TAMPA, Fla. -- Warren Sapp will never forget walking off the field after losing to Philadelphia in the playoffs the past two years. He can't imagine experiencing that pain again.
The Tampa Bay Buccaneers' loquacious defensive tackle struggled to find the words to explain the emptiness. He is convinced Sunday's NFC championship game against the Eagles will have a happier ending.
''Why? The only thing I can say that will make any sense to anybody is: this team,'' Sapp said. ''You can take each guy and show how it's a little bit better.''
He talked about how new coach Jon Gruden had motivated players who became complacent under Tony Dungy, the changes Gruden made in an improved offense and the consistency of the NFL's top defense.
Then Sapp detailed how losing four straight times to the Eagles has strengthened Tampa Bay's resolve to get to the Super Bowl.
''The thing about it is, other teams have found a way to beat the Eagles. The Colts manhandled them. The Giants manhandled them nine out of 10 times they played, and Jacksonville handled them right before we went and played them'' in October, Sapp said.
''It's not like '99, when we played the Rams in the NFC championship game and nobody had really handled them, so there was no way the Bucs could do it with that rinky dink offense and bend-but-don't-break defense. That's not what we're talking about now. We're talking about a team that's just badder than us, a bully that just beats us up and scares us at the very sight of them.''
Sapp was being sarcastic, although there is some truth to that description of the Eagles.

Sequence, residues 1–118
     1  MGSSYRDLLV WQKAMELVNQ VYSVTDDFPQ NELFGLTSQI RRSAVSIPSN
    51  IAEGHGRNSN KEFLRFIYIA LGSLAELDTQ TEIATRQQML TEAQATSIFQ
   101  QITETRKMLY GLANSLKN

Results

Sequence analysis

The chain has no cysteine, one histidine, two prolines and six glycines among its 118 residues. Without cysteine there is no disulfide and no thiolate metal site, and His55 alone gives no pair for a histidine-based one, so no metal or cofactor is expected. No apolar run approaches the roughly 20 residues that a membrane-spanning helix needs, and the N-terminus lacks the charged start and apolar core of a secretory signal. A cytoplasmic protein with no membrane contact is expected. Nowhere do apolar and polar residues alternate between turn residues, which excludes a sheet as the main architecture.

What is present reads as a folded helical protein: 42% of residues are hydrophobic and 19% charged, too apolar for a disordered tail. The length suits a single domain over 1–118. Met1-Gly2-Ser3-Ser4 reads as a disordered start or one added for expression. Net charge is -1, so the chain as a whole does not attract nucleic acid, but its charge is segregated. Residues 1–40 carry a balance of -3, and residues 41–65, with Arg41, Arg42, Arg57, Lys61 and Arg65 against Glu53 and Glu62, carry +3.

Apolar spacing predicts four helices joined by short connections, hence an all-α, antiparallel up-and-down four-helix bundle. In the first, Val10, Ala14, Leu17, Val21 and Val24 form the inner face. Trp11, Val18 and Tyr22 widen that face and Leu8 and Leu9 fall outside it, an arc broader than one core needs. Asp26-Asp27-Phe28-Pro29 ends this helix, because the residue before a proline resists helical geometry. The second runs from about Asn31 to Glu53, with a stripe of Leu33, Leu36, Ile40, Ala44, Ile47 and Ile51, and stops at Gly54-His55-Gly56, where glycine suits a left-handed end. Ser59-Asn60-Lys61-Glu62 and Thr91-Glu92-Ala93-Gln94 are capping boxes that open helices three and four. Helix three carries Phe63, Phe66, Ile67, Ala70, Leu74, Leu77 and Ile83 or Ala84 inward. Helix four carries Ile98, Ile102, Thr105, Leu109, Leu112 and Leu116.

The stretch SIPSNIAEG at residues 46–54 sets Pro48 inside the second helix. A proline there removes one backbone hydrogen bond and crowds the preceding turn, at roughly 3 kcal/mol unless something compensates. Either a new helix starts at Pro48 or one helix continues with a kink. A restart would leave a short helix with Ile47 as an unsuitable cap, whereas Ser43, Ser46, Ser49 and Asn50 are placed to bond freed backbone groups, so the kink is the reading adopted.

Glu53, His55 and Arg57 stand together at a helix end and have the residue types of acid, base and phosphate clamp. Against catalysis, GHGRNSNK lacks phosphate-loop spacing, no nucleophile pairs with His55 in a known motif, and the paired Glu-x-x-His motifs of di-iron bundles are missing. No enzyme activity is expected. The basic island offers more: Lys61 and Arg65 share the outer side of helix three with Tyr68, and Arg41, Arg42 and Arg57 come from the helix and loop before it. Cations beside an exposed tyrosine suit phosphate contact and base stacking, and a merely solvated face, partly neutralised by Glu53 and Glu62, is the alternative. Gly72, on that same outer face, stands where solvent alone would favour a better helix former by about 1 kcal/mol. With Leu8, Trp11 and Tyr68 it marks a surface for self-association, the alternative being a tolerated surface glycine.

Philadelphia has dominated the Bucs physically in their four meetings since 2000, and the four-time All-Pro defensive lineman is sensitive to criticism that he and the rest of Tampa Bay's smallish, speedy defense can't match up against smash-mouth opponents like the Eagles.
''It is what it is. And until we whip them, that will be the reality. Because if you write it long enough, people will believe it,'' Sapp said. ''It been written enough. It's been written four times in a row -- the last four times we've seen this team.''
The Eagles outscored the Bucs 52-12 in the playoffs the past two years, and Tampa Bay has failed to score an offensive touchdown in their last three games at the Vet. Philadelphia also won the teams' regular season meeting 20-10 on Oct. 20.
Eagles cornerback Troy Vincent compared the Bucs' frustration to the problems Philadelphia had against the Giants from 1997-00.
''When I first came to Philly, we had their number. We actually used to beat the Giants,'' Vincent said. ''For a few years, they ran off about nine straight on us. It got frustrating. ... I'm sure the Bucs are tired of hearing about the cold weather and then dropping three straight to us. I would be tired of hearing it.''
The Eagles are in the NFC title game for the second straight year. The Bucs are making their first appearance since 1999, when they lost 11-6 to eventual Super Bowl champion St. Louis.
The Rams beat Philadelphia 29-24 in last year's conference championship game.
''We're just going to come out there and hit each other in the mouth. They know what we're coming with, we know what they're coming with, and the better team is going to win,'' Eagles linebacker Carlos Emmons said. ''I feel like we're that team.''
Sapp shook his head slowly, recounting how he never thought it would take Tampa Bay three years to get back to this stage. He said the Bucs were too ''young and dumb'' to fully understand the opportunity they had in 1999.
He vows they will not make the same mistake this time.
''We didn't go in with the mentality: 'Let's go take this.' That's what this team is about now,'' Sapp said.
''That's what this game is all about -- having a chance to redeem yourself and get back at a ballclub that you haven't handled well. Green Bay had three shots at Dallas, San Francisco had all those shots at Dallas those years. ... You have to get to that point and know what it takes to get over that hump.
''I think this team has that.''
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